Beauty is a strange thing. If I’d ask 10 people what are the prettiest creatures in their opinion I bet dogs and cats would be on the list. Horses and even a giraffe. But for me it is a tiny little Amazonian creature, the Red-eyed Tree Frog. Why? Well, it’s not only its delicate frame and the tiny little smile (or is it a smirk?) that it carries, but its colors. Have you seen its colors? That incredible red eye and the vivid green skin. Every time I see it my heart leaps in delight. OK, maybe there is a tiny bit of favoritism involved in the ranking, because I love (adore) these two colors.
Talking about this green color, it was one of the reasons I jumped so wholeheartedly into this collaboration project: I could not wait to use the green, my green color. OK, you can incorporate it into the foliage here and there in a landscape, or if you are drawing fruits that are not yet ripe, but not so much into a portrait. Unless you are painting Shrek, of course. But here, here I felt I had free reins because of the cabbage.
The cabbage seems such a small, trivial little detail in the whole scheme of things. I mean, if you think about the title of the painting, Saint Anne with savoy cabbage and a power drill or the hopelessness of the dead window, one of the last things I’d dwell on is the cabbage. There is more than enough to think about with the philosophical dilemma of the window and how on earth would a woman (let alone a saint) get hold of a power drill before Christ. So you see my point, the cabbage sort of gets lost in the way.
But that is exactly why I decided to give it the chance of a lifetime. The spotlight it deserves. Or rather… I wanted the cabbage to be the spotlight itself. Come alive and radiate a strange glow. One that will cast a surreal shadow. And what could be more surreal than a shadow that is not really a shadow, rather the complete opposite!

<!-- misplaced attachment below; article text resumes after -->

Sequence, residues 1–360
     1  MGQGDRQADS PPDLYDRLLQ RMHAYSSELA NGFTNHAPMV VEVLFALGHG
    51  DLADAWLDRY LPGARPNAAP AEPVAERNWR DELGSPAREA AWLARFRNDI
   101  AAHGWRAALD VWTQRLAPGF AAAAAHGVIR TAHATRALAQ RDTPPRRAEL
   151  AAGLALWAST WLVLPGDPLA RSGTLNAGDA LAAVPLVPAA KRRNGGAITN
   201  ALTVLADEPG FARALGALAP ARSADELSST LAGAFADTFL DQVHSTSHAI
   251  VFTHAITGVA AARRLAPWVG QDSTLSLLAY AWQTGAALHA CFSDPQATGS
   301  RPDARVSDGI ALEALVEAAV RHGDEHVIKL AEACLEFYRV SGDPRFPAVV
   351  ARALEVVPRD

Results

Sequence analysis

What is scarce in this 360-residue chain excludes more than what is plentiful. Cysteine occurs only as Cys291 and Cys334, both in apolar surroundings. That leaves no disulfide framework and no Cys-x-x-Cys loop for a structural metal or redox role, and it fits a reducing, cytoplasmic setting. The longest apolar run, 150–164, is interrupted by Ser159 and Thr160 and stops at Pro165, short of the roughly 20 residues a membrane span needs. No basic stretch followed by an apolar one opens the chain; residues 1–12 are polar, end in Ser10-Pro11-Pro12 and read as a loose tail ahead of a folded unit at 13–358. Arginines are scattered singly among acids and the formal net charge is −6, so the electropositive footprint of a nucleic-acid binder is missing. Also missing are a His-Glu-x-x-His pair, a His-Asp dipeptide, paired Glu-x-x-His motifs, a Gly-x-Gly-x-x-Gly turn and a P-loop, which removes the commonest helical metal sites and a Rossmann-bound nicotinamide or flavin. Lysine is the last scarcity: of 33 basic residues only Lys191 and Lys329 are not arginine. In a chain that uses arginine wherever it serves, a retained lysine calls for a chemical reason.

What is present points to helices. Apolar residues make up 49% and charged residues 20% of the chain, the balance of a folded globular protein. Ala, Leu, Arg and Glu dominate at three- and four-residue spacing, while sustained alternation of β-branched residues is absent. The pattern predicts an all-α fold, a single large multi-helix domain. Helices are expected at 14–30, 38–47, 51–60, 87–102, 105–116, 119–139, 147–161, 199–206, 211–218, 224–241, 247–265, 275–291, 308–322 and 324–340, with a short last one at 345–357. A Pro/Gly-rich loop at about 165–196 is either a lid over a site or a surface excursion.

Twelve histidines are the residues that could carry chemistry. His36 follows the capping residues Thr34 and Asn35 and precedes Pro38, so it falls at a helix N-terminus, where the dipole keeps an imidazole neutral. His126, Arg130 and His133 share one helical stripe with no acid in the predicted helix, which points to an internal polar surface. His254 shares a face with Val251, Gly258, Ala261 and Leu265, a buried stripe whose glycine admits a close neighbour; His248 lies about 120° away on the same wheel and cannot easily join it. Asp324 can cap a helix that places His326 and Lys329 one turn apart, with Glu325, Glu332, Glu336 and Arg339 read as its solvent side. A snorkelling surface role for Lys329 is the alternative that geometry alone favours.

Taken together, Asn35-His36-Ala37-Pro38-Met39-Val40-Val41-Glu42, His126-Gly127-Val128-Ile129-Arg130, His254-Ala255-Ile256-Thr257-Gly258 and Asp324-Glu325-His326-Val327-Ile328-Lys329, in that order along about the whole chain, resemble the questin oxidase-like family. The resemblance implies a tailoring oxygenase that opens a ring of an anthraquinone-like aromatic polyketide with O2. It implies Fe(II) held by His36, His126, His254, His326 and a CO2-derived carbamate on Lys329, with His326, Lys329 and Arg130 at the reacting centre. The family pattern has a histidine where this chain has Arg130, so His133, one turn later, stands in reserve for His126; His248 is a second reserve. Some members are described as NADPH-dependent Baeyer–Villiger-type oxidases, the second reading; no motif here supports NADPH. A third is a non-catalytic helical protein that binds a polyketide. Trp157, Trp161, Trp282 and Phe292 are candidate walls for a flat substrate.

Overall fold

That is why I decided to have this projected green, cabbage-like glow emanating from the vegetable. And not only projecting on the wall, but bathing Saint Anne with its color (so much about my theory about Shrek). And one of the ideas I had was to use this negative shadow as the way to signal that we are dealing with a saint here. That is where the halo comes into play.
I have lots of ideas how to make that halo stand out, sparkle even. I am not sure though that it is a good idea to add it now. It will be a much better idea to finish the rest of the painting first to make sure there is balance in the lights and darks, the glow and the shadows. I mean the final touches should be final touches, otherwise it will overshadow the entire painting. And that would have given too much fuel to a little cabbage’s ego.
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